Review: Pyaasa (Theatre Passe Muraille)

Anusree Roy, the written and performer of PyaasaPyaasa is a “stunningly real theatrical experience” on the Toronto stage

Pyaasa, playing now at Theatre Passe Muraille, opens on a shadow-covered stage, which contains only a rusted metal bucket. For the next 50 minutes, the only other entity, prop or otherwise, to grace the stage is Anusree Roy, the playwright and sole actor. As exemplified by these first moments, Pyaasa goes on to tell a complex story with striking simplicity, creating rich characters and a world that is supremely real.

Pyaasa is a one woman show, written and performed by Anusree Roy, that explores the caste system in India from the perspective of it’s most discriminated. It follows a family of the “untouchable” caste, specifically Meera and her young daughter Chaya, as they struggle with jobs, food, and marriage in a system that denies them every opportunity from birth.

The script does a remarkable job of explaining the caste system to a western audience without veering from story into exposition. Going into Pyaasa with only a vague knowledge myself, I never felt that I was lacking the information needed to understand the characters and their story. Especially impressive is that Roy manages this achievement while switching rapidly between English and Hindu throughout.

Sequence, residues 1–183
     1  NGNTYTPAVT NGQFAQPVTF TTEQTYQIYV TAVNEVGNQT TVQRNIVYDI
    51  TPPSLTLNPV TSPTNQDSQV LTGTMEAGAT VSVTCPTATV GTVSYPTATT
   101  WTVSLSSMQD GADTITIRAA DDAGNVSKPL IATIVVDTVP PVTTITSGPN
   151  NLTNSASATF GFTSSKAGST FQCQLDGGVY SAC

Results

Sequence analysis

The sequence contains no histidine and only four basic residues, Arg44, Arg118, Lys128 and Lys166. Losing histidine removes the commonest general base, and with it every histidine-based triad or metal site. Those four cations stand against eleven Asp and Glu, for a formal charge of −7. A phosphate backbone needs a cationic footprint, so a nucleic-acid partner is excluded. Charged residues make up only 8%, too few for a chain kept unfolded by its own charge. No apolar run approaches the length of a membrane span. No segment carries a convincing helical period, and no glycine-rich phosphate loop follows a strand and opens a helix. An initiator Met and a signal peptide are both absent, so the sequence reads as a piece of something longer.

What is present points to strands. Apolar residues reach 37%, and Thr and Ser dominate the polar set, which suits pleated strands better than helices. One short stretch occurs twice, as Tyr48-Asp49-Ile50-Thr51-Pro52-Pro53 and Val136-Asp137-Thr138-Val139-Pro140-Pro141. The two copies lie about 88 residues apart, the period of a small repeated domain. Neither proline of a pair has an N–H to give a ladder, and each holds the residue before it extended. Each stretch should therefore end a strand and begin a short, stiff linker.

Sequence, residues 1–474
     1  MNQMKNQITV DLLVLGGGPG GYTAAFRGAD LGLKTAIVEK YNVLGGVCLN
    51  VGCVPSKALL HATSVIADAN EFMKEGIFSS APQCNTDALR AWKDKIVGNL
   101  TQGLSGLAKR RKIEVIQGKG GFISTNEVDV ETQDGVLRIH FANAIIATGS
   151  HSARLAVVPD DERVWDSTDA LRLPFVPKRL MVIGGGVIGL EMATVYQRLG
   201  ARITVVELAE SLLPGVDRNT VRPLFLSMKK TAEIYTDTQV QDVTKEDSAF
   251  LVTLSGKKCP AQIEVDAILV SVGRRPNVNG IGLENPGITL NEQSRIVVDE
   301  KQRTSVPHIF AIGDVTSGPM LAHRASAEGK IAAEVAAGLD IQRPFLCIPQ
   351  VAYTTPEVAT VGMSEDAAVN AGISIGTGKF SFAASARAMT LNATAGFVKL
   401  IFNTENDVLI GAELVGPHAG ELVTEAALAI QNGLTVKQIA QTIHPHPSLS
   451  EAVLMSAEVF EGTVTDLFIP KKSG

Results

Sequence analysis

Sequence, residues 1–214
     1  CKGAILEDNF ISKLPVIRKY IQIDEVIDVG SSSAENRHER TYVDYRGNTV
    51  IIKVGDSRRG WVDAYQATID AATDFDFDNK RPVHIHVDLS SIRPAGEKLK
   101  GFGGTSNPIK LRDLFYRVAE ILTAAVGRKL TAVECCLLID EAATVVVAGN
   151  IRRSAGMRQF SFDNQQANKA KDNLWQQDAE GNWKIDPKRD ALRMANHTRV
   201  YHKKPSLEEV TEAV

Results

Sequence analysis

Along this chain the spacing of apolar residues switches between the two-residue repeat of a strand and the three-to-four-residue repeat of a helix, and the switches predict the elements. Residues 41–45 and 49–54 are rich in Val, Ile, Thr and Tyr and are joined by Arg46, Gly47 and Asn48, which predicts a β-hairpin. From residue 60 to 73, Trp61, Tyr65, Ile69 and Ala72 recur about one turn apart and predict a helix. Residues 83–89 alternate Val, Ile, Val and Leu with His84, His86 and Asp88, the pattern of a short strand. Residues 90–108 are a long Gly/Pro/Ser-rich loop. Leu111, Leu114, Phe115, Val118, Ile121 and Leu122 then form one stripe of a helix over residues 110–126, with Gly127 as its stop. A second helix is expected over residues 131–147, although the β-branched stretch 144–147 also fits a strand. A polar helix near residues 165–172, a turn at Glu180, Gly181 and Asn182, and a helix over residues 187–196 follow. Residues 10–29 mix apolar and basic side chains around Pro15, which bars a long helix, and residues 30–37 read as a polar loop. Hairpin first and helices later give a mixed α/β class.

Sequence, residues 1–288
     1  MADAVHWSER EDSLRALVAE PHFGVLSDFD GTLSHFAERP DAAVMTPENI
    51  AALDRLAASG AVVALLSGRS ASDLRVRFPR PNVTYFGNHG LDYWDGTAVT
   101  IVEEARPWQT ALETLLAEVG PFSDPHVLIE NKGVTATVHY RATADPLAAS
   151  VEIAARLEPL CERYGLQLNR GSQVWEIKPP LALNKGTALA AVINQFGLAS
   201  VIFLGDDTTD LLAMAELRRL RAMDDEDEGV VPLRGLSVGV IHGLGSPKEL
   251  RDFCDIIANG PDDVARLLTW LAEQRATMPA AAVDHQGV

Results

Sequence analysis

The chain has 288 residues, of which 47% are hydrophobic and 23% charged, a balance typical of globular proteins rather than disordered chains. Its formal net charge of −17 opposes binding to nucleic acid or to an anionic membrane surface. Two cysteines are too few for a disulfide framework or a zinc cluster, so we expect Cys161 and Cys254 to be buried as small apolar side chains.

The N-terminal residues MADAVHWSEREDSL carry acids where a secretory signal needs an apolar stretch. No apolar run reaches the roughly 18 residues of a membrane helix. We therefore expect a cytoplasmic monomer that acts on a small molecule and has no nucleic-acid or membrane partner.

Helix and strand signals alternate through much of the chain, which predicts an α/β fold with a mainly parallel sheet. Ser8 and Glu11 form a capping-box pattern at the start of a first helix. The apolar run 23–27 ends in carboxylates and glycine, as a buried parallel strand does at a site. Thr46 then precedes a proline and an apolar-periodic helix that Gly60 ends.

Roy truly is the life force of the show. With her finely tuned characters, massive energy and ferocity she manages to bring to life a complicated and full world on her own. Whether she’s scrubbing teacups or contemplating her own reflection, she proves that can hold our attention with or without words and in any language due to her hugely expressive yet minutely detailed acting.

It was an appropriate choice for Theatre Passe Muraille to open the remount of Pyaasa on International Women’s Day. Roy has written, with the collaboration of director Thomas Morgan Jones, a story that brings to life the exploitation and abuse that is created by a system that encourages arbitrary discrimination, and particularly its effects on women. We see Meera wage a fierce fight over the line at the water pump and realize that what we in North American consider the most basic of resources is a constant struggle for them. On the flip side there is, more tragically, the abuses and advantages taken against Chaya as a young girl that they have no way to fight against. It is extremely humbling to behold.

Roy’s script doesn’t outright comment on its content. We learn about the caste system along with Chaya, and see for ourselves how those who are forced to the bottom are taken advantage of when it comes to work, education and their own bodies. It allows us as the audience to come to our own conclusions, to be discontented of our own accord. It is not a message veiled as a story, it is a story that conveys a message of reality and disparity.

Pyaasa’s remount is a brilliant opportunity for a talented, Dora Award winning team to once again challenge Toronto audiences to take a raw look at life within the Indian caste system. Pyaasa, in it’s short 50 minutes, will leave you unsatisfied with the world we live in, as only a stunningly real theatrical experience can.


Photo by Michael Copper, of Anusree Roy